Ps. I wont be going, but I will be following

  • AlanZulch

    I’m not feeling very upbeat about Rio+20 being successful in a conventional sort of way, as in nations coming to any high-level agreements. But I am feeling like new ground may well be broken in terms of civil society groups coming together, meeting each other and hopefully establishing new collaborations. 

    In general, I don’t think governments are going to be driving the changes we need in the world. They’re all but paralyzed by internal differences, competing agendas, overextended resources, and, ultimately, obsolete ideologies. To say nothing of their external challenges. And this is especially true, I believe, for the governments of larger countries that could really make a difference. 

    That isn’t to say some parts of governments won’t be effective. Small as it is, Japan’s government-sponsored Satoyama Initiative remains a bright spot, for example.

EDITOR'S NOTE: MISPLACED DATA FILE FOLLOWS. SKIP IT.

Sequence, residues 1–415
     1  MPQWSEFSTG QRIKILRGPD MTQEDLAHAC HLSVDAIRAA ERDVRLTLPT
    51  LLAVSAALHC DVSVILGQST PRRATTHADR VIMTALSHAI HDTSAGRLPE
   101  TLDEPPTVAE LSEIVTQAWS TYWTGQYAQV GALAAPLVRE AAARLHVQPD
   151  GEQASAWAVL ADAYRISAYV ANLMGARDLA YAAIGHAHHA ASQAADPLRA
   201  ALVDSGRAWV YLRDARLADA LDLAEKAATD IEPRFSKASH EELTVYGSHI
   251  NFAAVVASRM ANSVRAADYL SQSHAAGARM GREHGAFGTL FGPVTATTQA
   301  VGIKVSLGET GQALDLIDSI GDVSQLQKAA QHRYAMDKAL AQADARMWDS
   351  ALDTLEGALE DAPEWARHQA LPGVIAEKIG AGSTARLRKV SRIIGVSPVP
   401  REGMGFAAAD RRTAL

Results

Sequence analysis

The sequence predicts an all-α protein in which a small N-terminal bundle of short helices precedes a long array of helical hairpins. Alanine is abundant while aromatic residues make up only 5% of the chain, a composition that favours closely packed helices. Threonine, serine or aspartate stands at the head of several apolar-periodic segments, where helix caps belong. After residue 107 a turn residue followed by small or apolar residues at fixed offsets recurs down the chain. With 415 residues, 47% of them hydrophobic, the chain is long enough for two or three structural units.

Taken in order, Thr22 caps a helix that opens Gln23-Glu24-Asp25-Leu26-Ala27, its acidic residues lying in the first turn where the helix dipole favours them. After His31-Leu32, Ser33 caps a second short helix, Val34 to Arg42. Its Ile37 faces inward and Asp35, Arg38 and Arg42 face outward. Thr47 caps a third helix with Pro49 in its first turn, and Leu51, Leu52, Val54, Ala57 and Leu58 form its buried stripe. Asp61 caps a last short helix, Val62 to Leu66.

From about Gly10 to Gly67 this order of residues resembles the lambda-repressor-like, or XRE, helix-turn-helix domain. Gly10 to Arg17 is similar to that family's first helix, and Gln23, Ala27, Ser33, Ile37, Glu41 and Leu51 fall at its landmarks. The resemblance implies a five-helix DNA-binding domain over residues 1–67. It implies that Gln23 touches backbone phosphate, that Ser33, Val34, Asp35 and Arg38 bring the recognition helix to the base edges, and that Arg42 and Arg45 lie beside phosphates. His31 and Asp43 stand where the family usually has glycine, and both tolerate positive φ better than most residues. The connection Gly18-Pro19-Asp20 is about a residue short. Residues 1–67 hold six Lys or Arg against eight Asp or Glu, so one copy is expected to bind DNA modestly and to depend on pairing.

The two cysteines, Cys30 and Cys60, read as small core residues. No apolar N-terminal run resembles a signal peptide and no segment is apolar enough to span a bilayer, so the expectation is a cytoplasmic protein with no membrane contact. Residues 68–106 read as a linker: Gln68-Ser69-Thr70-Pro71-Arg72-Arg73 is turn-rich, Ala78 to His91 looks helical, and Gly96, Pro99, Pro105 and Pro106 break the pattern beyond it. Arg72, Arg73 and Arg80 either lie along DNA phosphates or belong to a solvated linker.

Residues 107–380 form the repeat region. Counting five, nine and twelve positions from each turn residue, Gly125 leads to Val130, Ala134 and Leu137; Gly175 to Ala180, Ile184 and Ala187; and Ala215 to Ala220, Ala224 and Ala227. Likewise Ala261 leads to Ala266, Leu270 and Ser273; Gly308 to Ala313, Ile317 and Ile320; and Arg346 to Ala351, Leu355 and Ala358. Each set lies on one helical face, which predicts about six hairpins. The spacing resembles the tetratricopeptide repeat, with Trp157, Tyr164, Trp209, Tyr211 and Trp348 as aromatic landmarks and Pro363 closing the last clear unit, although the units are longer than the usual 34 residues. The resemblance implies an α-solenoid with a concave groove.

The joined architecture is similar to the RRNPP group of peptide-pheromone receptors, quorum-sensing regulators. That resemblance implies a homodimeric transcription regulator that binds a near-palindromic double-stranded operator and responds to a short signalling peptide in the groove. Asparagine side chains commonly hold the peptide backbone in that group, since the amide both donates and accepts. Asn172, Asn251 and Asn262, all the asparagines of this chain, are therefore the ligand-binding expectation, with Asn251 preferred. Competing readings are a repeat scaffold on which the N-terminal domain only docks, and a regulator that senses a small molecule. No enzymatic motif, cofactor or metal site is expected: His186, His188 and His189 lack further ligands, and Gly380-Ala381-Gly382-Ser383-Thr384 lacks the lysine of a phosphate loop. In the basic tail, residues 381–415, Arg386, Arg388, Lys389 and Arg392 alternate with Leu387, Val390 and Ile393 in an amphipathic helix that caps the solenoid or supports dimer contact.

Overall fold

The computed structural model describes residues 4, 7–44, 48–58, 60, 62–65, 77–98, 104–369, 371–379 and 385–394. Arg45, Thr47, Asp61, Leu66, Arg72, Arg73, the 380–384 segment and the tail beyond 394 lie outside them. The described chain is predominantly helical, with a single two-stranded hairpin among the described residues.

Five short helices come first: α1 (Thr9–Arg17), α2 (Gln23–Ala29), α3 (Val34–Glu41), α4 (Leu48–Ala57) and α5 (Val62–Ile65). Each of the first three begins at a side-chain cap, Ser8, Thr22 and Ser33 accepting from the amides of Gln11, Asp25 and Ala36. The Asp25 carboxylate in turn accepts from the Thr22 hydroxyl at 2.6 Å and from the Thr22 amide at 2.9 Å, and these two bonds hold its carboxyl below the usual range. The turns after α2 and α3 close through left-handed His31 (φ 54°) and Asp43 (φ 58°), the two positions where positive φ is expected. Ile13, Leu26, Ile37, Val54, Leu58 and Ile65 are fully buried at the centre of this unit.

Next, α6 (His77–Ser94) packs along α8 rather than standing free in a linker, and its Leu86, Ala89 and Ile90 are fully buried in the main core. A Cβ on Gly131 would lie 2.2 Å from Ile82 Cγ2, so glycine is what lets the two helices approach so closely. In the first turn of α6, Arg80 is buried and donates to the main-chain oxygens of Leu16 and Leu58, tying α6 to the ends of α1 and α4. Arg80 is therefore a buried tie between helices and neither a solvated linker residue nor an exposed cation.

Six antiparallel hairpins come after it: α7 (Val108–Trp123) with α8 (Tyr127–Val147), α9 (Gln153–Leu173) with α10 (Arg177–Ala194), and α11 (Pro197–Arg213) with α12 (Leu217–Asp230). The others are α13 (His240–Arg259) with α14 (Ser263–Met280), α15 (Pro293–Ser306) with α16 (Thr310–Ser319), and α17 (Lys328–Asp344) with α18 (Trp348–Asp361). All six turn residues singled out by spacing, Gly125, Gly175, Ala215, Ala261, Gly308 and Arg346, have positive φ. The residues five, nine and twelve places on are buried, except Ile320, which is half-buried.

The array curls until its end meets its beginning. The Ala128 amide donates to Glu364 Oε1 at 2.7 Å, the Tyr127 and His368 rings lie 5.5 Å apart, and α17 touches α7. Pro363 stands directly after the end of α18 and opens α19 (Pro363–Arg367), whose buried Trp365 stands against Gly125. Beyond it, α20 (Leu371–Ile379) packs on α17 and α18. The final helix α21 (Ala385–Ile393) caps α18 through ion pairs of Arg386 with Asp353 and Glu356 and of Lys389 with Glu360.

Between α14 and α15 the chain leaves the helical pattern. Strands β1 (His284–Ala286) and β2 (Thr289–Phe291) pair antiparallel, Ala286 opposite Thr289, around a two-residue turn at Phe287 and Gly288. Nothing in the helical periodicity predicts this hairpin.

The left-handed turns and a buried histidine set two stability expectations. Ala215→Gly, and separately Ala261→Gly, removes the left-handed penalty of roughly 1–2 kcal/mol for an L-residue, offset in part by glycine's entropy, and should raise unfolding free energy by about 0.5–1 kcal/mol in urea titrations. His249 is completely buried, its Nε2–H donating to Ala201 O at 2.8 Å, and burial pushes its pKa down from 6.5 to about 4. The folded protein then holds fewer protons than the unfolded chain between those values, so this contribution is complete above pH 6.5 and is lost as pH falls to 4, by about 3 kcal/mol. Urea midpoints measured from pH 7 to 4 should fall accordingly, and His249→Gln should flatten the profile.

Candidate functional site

As Rian points out above, communication technology has changed the game in the last two decades, and this of course empowers individuals and non-state actors in ways that were previously unanticipated. Does that make a brick-and-mortar conference a thing of the past? I don’t think so. Seeing people face-to-face and shaking their hand (or bowing) cannot be replicated digitally. Conferences continue to have their place, perhaps especially for those otherwise far-flung civil society members who most benefit from building strong alliances that can actually, if gradually, effect the real changes that need to be achieved.

  • Kenji Watanabe